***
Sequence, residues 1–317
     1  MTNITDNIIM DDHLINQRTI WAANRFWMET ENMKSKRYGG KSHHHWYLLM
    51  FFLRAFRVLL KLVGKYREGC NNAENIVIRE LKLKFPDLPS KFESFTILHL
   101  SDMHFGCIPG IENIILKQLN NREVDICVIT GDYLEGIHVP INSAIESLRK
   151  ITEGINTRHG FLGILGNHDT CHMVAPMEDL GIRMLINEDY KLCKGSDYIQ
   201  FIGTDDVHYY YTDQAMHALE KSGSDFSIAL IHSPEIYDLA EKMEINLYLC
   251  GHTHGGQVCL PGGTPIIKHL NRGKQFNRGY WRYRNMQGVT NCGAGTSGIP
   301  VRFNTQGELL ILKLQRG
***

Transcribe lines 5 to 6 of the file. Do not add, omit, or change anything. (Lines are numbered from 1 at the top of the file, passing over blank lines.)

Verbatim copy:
   151  ITEGINTRHG FLGILGNHDT CHMVAPMEDL GIRMLINEDY KLCKGSDYIQ
   201  FIGTDDVHYY YTDQAMHALE KSGSDFSIAL IHSPEIYDLA EKMEINLYLC